synthetic zero


As I've often said, I find myself spiritually, so to speak, on the side of the left, but I have never agreed with them entirely. I think part of this is the fact that I am basically a ruthless person at heart --- I am not really motivated by sentimentality. I don't cry when there is a tragedy in the movies, etc. When someone feels upset I have an instinctive desire to try to help them, but I don't feel moved by sentiment so much as clarity.

I have always been suspicious of ideology, therefore: conceptual ideals are abstractions, and extreme idealists are therefore reifying abstractions --- a terrible epistemological error. However, this is the same reason why I have never and will never have much sympathy for the right: under the guise of rationality they are actually covering over baser motivations: fear, primarily (which is a reification of the self or ego -- both of which are also abstractions). The left is motivated by sentiment, the right by fear, and really, both are irrelevant to me, personally, for the most part. There is truth to be found in both left and right, but the correct course is a combination of the two, as well as a transcendence of both.

Again I guess it comes back to samurai culture --- neither sentimentality nor fear are of use on the battlefield --- what is of use is a keen, unsentimental, clear vision. One simply looks at the situation and tries to be as brutally realistic with it as one can. And this brutal realism leads me inevitably back to the left: that is, most of the ideals espoused by the left actually have their roots in an uncompromising reality. There is no need to reify them. Reality, so to speak, speaks for itself.

For example, compassion. Why be compassionate? It is a matter of survival of the fittest. We are not individuals living separated from each other --- as individuals, we don't really exist. We exist as both independent and interdependent beings in the world. A species without compassion would easily be outcompeted by a species with it. Thus, compassion is a natural evolutionary result. Those who lack compassion, the sociopaths, typically end up in prison in our society. We have evolved mechanisms to take these evolutionary anomalies and marginalize them --- which is quite proper. So the correct answer is a combination of both the left and the right: compassion as a ruthless response to natural selection, and police and a legal system as well. One ought to simply look at what proportions of each lead to the optimal society. There's no need to become attached to either.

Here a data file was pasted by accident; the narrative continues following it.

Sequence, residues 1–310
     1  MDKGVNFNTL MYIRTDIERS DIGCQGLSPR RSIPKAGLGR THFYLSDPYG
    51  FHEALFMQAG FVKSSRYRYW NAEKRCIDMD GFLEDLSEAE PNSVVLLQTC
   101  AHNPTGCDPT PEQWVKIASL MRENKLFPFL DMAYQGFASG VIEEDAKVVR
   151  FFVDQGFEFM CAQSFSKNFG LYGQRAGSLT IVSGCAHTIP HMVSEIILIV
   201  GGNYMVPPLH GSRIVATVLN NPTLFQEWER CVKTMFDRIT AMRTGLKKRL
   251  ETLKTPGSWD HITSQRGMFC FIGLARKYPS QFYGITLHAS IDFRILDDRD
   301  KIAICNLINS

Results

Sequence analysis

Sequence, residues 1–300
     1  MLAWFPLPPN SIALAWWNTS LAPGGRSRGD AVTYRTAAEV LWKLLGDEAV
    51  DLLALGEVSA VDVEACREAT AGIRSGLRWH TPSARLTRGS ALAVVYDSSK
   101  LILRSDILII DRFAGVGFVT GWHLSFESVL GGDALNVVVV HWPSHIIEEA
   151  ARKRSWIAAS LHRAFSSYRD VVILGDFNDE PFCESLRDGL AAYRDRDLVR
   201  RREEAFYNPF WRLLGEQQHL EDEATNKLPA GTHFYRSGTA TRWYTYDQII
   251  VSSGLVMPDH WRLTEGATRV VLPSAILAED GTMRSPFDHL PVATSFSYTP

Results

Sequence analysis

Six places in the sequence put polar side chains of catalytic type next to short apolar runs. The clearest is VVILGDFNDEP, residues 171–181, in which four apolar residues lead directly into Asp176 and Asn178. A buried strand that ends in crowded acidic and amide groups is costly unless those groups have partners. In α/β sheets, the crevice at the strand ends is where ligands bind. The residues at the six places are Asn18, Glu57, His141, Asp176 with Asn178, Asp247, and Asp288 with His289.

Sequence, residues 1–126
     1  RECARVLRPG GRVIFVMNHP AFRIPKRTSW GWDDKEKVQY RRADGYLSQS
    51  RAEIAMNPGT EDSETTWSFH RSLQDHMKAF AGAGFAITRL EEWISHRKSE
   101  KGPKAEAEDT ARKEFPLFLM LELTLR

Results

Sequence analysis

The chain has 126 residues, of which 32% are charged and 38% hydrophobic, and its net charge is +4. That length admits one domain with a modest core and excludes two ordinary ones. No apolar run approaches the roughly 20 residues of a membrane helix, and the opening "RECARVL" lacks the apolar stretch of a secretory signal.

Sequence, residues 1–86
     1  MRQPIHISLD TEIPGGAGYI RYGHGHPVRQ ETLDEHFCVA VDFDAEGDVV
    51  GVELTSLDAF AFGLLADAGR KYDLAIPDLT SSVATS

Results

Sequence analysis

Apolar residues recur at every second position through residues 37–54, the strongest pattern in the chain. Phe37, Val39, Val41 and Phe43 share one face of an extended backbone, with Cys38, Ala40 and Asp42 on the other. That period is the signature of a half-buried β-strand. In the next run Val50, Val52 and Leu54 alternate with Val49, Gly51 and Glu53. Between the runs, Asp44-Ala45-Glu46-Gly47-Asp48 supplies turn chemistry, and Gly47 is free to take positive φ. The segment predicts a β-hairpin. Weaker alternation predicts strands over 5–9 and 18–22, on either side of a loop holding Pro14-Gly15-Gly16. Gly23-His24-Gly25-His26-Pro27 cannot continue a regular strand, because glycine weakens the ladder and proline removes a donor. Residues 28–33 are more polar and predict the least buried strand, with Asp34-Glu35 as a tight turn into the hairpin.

Similar comments apply to economics. Reifying compassion to an ideological principle leads to aberrations such as communism. Communism is a centralized control system: it is obviously going to lead to severe inefficiency. On the other hand, the notion of an unregulated free market being optimal depends on several oversimplifications --- for one thing, it assumes that information travels instantaneously (efficient market theory assumes perfect information). However, theory of computation results prove that one cannot have perfect information (particularly since perfect information also must include perfect predictive capability --- which is not possible even in principle, and it certainly doesn't even remotely occur in practice). In reality markets are local in both space and time: i.e., an unregulated market would reward the company that ravaged the environment against the company trying to conserve our resources, because to see the effect of the ravaging would require a long-term outlook. Markets simply don't encode that sort of long-term information; it is wiped out by design (all you see is price), and thus one must have government regulation to ameliorate this distortion (government regulation can correctly distort the "natural" price to account for longer-term predictions). Free market theory also ignores the effect of capital consolidation. What makes markets work is decentralization, but capital accumulation eventually leads, ironically, to exactly the same situation as occurred in communism, that is, centralized control and lack of competition. This is why we need antitrust laws. Similar comments about the need for health and safety standards, etc.